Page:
Clinton, Gore questioned in probe

WASHINGTON - President Clinton and Vice President Al Gore were interviewed this week by Justice Department officials investigating questionable campaign fund raising in 1994 and 1996, the White House said today.

Presidential spokesman Mike McCurry said the interviews were conducted separately Tuesday, in the White House residential quarters and at the vice presidential mansion. Attorneys for Clinton and Gore were present.

"It was a very professional interview. The FBI asked all the questions they wanted to ask - every one - and the vice president answered every one of them," Gore's Tennessee-based attorney, Jim Neal, said in a telephone interview. He declined further comment.

David Kendall, the president's attorney, said, "We answered all of their questions." He, too, declined to say more.

Aides for Clinton and Gore had made it known the interviews would probably be requested and their bosses would not object. And Clinton has been interviewed by Whitewater investigators. Still, a sitting president and vice president submitting to investigators' questioning marks a dramatic step forward in the high-profile inquiry.

Attorney General Janet Reno has until Dec. 2 to decide whether to request an independent prosecutor to investigate the fund-raising practices of Clinton and Gore. Questions have been raised about the pair soliciting donations from the White House.

Gore has said he did solicit donations; Clinton has said he cannot recall whether he did or not. They both say such calls are legal.

The appointment of a special prosecutor could expose Clinton and Gore to questions about the White House's influence over Democratic National Committee TV ad strategies and alleged attempts by China to influence American elections. The inquiry also would shadow Gore's bid to succeed Clinton in 2001.

McCurry referred reporters to a statement Wednesday by Clinton's attorney, Kendall, and Gore's attorney, George T. Frampton.

"The subject of the interviews was the telephonic solicitation of contributions in the 1994-1996 time period," the statement said. "As both the president and vice president have previously announced, they are cooperating fully with this investigation and voluntarily agreed when interviews were requested."

"Consistent with past practice, no further statement about the content of the interviews will be made at this time."

McCurry declined further comment. Frampton could not be immediately reached.

Neal would not say how long the questioning lasted or whether it was limited to the telephone calls.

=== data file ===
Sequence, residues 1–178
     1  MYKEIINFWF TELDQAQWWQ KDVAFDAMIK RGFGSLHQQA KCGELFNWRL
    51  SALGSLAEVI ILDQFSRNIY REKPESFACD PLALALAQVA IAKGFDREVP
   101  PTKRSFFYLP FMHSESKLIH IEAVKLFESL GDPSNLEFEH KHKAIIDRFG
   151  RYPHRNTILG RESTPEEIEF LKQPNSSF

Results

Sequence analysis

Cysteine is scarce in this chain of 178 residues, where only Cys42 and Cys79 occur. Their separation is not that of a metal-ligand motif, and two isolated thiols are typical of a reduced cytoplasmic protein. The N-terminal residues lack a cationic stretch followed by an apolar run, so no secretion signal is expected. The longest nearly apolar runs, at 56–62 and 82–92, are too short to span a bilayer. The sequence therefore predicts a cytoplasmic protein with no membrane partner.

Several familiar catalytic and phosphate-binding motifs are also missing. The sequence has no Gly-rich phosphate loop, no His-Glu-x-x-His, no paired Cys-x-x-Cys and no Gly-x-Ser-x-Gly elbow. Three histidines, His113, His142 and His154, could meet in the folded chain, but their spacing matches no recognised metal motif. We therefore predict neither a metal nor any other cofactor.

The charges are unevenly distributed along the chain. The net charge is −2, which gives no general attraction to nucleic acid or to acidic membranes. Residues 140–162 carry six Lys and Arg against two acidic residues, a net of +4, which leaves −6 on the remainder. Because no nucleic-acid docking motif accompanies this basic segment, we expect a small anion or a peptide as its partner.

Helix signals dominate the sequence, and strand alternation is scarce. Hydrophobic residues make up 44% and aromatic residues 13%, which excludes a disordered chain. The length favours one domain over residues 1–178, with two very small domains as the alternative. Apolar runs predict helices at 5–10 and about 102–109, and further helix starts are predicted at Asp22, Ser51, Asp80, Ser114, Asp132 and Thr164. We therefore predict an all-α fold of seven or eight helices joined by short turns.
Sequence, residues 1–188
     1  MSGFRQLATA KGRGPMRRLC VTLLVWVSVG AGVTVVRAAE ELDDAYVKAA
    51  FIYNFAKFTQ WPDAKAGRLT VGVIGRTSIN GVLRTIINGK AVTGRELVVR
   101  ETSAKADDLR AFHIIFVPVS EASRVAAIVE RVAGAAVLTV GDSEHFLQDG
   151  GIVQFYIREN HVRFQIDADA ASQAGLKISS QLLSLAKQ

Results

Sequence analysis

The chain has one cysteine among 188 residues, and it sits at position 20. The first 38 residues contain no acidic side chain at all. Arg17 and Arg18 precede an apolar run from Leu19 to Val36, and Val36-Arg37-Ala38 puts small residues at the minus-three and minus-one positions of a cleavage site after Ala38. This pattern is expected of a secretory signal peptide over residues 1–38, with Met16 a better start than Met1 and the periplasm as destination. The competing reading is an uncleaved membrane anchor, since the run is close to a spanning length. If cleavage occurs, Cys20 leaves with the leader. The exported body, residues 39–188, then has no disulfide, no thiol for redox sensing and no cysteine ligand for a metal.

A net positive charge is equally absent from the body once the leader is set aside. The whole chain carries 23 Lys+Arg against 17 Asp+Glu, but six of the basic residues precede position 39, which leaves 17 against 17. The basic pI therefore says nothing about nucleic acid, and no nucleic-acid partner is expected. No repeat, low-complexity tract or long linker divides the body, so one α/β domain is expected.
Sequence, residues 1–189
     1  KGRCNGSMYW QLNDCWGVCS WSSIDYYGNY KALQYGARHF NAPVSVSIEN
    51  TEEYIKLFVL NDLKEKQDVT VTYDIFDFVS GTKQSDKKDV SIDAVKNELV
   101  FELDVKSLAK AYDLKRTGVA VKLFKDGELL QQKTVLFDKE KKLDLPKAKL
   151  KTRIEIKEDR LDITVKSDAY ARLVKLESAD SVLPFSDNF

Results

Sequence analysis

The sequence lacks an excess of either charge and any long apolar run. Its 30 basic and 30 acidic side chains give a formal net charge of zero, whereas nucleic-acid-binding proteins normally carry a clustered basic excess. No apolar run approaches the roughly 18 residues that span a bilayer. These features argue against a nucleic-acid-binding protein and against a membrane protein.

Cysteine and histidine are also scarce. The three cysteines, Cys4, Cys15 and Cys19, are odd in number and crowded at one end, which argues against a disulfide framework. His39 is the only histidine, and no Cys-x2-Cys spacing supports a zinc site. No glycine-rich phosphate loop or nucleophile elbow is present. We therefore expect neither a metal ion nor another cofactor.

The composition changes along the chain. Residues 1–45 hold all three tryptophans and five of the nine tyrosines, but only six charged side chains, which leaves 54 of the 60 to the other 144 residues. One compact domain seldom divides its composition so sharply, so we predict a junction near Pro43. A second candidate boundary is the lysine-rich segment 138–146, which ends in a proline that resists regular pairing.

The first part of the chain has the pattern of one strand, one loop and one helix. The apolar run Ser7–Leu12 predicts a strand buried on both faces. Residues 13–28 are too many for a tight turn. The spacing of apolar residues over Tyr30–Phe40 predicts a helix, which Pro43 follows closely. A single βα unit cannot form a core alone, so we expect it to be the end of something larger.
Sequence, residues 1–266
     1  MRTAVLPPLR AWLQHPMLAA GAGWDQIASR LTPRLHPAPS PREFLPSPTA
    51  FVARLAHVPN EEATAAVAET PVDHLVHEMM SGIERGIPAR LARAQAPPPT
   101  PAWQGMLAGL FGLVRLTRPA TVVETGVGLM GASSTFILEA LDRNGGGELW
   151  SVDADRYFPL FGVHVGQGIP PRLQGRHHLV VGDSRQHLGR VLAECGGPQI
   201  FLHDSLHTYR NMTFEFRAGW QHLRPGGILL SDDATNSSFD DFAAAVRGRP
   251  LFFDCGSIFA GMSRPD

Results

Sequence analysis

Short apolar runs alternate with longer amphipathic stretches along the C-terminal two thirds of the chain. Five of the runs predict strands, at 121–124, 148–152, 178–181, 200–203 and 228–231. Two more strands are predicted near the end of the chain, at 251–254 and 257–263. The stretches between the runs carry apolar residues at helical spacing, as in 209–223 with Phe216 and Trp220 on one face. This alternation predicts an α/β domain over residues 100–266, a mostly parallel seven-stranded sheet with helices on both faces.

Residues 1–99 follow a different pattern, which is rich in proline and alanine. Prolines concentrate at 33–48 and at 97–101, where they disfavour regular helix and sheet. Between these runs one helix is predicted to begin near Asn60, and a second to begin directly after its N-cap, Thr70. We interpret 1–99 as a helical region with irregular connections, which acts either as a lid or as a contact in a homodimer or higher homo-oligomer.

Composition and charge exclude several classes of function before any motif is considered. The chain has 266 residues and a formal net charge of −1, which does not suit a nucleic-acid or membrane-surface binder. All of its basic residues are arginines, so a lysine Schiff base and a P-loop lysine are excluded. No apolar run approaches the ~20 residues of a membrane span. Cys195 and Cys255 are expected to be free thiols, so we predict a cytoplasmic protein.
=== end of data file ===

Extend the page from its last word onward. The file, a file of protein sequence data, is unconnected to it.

Two officials involved in the questioning, speaking on condition of anonymity, said Clinton and Gore were not under oath. Clinton was interviewed by two FBI agents and four Justice Department attorneys, said one officials, who added that questions were limited to the telephone solicitation issue.

The statement released by the White House was dated Tuesday. McCurry said he learned about the interviews late Tuesday, and he decided not to distribute the statement until today.

Earlier this fall, the White House turned over to investigators records indicating Clinton made an Oval Office call to a group of fund-raisers in 1995 after being requested to "ask for their help." In addition, presidential aides found billing records of long-distance calls to six donors from the private living quarters in 1994 on the same day Clinton had been asked to solicit them for money.

His aides have maintained that Clinton made the calls only to say thanks and did not ask for help.

The Justice Department also is investigating whether a special prosecutor is needed to investigate Interior Secretary Bruce Babbitt to determine whether politics played a role in his rejection of a proposed casino license. A similar inquiry is focused on whether a lobbyist was asked for a charitable contributions in exchange for seeing former Energy Department Secretary Hazel O'Leary.

Meanwhile, congressional inquiries are increasing pressure on the administration.

Three people who contributed to Clinton's re-election campaign have told House investigators an employee of Johnny Chung, a central figure in the investigation of campaign fund raising, asked them to make the contributions and later reimbursed them, according to a House source.

Investigators were told that Chung's part-time bookkeeper, Nancy Na-Chi Lee, asked four people to make out $1,000 checks to the Clinton-Gore '96 campaign, said the source, who spoke on condition of anonymity. Ms. Lee was said to have immediately reimbursed the donors in cash, said the source.

Such arrangements would be illegal under federal election law, which bars contributors from giving money in the name of another to hide the true source of the money.

It was the first allegation of laundered contributions directly to the Clinton-Gore '96 campaign. The Democratic National Committee has returned nearly $3 million because the money came from questionable sources, including some donations made in the name of others.

The House Government Reform and Oversight Committee has issued a subpoena for records of the re-election campaign, said Robert Neuman, a spokesman for the campaign's Legal Compliance Committee.

Chung was described in a 1995 White House memo as a hustler who should be regarded with caution.

In March 1995, he handed a $50,000 check, made out to the Democratic Party, to Maggie Williams, then chief of staff to Hillary Rodham Clinton, in the White House. A day later, he escorted a group of Chinese businessmen to the White House to watch Clinton tape his weekly radio address.

By The Associated Press

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